Yes, Player A scored more than Player B and has the best Defensive Win Share by a noticeable margin. Player B appears to be more well-rounded and on a worse team defensively. Player C isn’t the same defender as A, but is clearly a more impactful offensive player.

Andrew Wiggins is Player A (statistics were going into Thursday night). Players B and C, revealed at the end of the article, are other Western Conference front-court players. 

How Did This Happen?

In large part, this happened because the fans have such a heavy influence on who gets in. Wiggins is a good player for one of the most popular teams in the world. Moreover, Wiggins came to Golden State when it was in its dire recent slump. He tried to push for the Warriors, albeit in just 12 games, after getting traded there in 2020 (the season was cut short, and the Warriors didn’t qualify for the bubble restart). 

This doesn’t happen if Wiggins plays for the Minnesota Timberwolves, Phoenix Suns, Utah Jazz. or any franchise not on the East or West coast. New Orleans Pelicans Andrew Wiggins doesn’t get more votes than New Orleans Pelicans Brandon Ingram

This is evident up and down the ballot. It’s how Lakers’ reserve Carmelo Anthony got more votes than DeAndre Ayton or Mikal Bridges

But a large, delusional fan base from silicone valley running crazy Twitter numbers (insert bot-conspiracy here) is not the only cause of this. In part, the NBA will continue to ask for these moments as long as they keep the positions split up. The guard positions are notably more crowded, and each conference only gets two guards in the starting lineup. Ja Morant and Steph Curry made the cut, but last year’s starter Luka Doncic did not. The Western Conference-leading Suns’ Chris Paul and Devin Booker were fighting for the same two spots. Voters had to pick 2 of those five to fit in. In the front-court there are three spots and, after a few injuries, in particular, fewer All-Star caliber players.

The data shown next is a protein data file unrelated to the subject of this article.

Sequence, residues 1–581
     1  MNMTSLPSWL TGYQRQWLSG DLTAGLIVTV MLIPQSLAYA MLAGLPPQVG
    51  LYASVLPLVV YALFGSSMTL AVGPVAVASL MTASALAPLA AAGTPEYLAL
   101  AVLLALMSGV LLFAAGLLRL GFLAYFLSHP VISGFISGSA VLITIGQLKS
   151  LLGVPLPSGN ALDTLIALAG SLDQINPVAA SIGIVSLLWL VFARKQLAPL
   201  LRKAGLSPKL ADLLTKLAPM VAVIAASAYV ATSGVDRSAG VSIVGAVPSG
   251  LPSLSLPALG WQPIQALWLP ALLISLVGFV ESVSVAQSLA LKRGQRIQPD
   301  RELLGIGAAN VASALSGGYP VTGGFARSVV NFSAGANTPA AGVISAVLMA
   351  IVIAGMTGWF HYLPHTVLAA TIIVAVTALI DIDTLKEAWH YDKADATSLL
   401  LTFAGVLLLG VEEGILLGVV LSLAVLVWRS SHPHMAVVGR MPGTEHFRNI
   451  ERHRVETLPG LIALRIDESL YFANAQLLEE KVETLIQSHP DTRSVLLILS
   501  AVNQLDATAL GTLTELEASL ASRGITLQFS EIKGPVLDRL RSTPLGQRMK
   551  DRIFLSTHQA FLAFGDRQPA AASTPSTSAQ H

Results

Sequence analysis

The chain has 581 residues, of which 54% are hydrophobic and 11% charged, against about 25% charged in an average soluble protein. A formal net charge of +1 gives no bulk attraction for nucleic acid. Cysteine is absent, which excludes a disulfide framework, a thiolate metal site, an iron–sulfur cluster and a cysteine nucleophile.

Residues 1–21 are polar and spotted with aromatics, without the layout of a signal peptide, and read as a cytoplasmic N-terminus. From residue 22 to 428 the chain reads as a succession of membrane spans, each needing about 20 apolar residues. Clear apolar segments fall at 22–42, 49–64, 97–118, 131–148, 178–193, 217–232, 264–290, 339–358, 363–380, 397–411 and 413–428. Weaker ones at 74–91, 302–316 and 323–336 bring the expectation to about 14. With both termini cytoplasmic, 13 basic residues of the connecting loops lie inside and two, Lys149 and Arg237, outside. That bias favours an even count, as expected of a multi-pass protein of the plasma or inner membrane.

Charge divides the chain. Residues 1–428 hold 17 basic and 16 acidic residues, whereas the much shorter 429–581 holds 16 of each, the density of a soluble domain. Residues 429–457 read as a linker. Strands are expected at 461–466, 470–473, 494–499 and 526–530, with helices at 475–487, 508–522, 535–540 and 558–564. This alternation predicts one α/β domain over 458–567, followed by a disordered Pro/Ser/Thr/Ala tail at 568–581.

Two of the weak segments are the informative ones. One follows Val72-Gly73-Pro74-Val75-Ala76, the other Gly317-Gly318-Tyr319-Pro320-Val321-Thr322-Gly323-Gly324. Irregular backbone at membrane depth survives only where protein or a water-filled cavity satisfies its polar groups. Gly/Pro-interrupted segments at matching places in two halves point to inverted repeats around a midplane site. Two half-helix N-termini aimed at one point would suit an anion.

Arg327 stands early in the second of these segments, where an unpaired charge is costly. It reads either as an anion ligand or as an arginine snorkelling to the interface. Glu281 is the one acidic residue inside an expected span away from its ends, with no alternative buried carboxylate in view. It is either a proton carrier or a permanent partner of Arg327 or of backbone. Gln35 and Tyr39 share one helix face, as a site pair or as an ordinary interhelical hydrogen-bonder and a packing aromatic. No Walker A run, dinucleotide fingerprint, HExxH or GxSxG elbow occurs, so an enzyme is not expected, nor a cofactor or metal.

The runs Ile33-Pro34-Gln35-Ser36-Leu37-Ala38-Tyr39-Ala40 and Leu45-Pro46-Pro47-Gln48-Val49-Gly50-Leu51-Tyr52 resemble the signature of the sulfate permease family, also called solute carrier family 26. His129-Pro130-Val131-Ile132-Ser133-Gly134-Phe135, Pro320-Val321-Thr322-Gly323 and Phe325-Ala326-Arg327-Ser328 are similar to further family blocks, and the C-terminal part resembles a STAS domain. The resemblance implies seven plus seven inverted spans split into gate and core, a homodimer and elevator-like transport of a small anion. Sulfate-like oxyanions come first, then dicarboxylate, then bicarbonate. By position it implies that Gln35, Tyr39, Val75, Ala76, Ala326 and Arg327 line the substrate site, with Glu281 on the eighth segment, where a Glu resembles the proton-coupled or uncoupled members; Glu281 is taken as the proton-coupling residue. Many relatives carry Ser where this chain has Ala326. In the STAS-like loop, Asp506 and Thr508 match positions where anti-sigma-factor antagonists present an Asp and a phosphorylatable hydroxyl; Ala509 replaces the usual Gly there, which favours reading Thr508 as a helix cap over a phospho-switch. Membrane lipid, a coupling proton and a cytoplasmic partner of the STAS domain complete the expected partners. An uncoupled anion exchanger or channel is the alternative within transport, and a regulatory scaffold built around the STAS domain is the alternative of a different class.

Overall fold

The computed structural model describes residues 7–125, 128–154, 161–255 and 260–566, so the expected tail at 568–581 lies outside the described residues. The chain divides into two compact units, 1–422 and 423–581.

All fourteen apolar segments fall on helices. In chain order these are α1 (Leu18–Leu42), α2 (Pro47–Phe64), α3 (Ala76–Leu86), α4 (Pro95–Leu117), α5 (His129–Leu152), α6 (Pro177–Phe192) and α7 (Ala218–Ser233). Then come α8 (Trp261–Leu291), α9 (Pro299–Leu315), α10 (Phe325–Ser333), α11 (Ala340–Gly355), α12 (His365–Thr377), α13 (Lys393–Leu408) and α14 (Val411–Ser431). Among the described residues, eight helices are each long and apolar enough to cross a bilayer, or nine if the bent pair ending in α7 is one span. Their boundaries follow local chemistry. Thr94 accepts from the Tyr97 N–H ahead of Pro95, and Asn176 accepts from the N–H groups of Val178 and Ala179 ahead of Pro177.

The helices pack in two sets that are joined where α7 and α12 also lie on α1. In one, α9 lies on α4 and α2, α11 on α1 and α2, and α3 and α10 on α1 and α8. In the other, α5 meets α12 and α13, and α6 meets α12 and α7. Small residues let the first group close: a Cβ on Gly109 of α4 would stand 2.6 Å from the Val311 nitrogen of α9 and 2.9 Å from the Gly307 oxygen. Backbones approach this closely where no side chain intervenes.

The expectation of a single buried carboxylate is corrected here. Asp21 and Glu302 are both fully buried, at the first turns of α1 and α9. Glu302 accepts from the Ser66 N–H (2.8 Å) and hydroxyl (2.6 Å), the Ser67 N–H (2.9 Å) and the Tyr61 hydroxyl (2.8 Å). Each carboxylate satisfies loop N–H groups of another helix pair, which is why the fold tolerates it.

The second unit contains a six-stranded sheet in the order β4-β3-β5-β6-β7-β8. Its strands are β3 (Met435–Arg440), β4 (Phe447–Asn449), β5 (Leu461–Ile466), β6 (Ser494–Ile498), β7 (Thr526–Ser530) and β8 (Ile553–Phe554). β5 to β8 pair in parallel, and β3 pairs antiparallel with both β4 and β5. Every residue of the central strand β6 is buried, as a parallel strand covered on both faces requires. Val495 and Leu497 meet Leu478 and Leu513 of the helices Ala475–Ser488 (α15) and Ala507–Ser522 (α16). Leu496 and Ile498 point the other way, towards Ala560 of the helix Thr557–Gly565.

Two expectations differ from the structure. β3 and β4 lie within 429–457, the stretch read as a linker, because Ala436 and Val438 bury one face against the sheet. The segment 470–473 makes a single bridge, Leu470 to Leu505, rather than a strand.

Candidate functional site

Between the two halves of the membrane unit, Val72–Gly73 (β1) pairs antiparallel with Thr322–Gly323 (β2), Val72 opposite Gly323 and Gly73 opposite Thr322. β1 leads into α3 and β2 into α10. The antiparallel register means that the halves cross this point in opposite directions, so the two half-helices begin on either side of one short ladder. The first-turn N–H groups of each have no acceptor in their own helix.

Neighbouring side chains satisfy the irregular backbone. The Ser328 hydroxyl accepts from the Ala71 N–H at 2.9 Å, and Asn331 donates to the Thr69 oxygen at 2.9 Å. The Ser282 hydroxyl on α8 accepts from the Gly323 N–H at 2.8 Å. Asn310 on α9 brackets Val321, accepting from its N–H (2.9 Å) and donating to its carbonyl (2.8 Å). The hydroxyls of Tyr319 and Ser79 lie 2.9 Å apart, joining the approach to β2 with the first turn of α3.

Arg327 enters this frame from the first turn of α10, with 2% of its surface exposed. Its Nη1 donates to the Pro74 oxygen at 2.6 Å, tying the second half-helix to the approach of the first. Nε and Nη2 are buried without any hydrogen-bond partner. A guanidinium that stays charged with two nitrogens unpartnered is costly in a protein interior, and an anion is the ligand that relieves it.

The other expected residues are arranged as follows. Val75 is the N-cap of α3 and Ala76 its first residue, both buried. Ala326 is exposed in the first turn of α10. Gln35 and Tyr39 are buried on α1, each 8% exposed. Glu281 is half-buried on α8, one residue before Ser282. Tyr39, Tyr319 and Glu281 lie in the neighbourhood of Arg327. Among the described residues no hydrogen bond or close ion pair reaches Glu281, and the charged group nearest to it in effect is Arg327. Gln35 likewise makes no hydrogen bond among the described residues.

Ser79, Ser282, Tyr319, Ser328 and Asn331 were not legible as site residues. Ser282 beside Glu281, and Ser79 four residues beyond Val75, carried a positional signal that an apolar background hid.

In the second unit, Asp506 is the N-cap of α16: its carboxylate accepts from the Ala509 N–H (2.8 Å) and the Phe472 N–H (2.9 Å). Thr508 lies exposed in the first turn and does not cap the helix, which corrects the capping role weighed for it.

A fan of the old-school would point out that’s how a traditional starting line-up is built… but it’s not anymore. What “position” is a LeBron James? Like Doncic? Giannis Antetokounmpo? Jayson Tatum? Kevin Durant

Basketball is becoming increasingly position-less, but the voting for the All-Star game is outdated because it pigeonholes players into certain spots. Thus, when your vote, you can’t vote for Curry, Morant, and Doncic… the third spot has to go to some forward.

Should the NBA Change?

The NBA All-Star game is at another crossroads. In 2016 the country of Georgia nearly got Golden State big man Zaza Pachulia in the starting lineup. The lineup was entirely fan voting, and Pachulia came in fourth place in the Western Conference frontcourt. For the 2016-17 season, the NBA weighted to vote to keep this from swaying the selections. Pachulia, for what it’s worth, was second in fan voting that year. He was 12th in the player vote and received no media votes.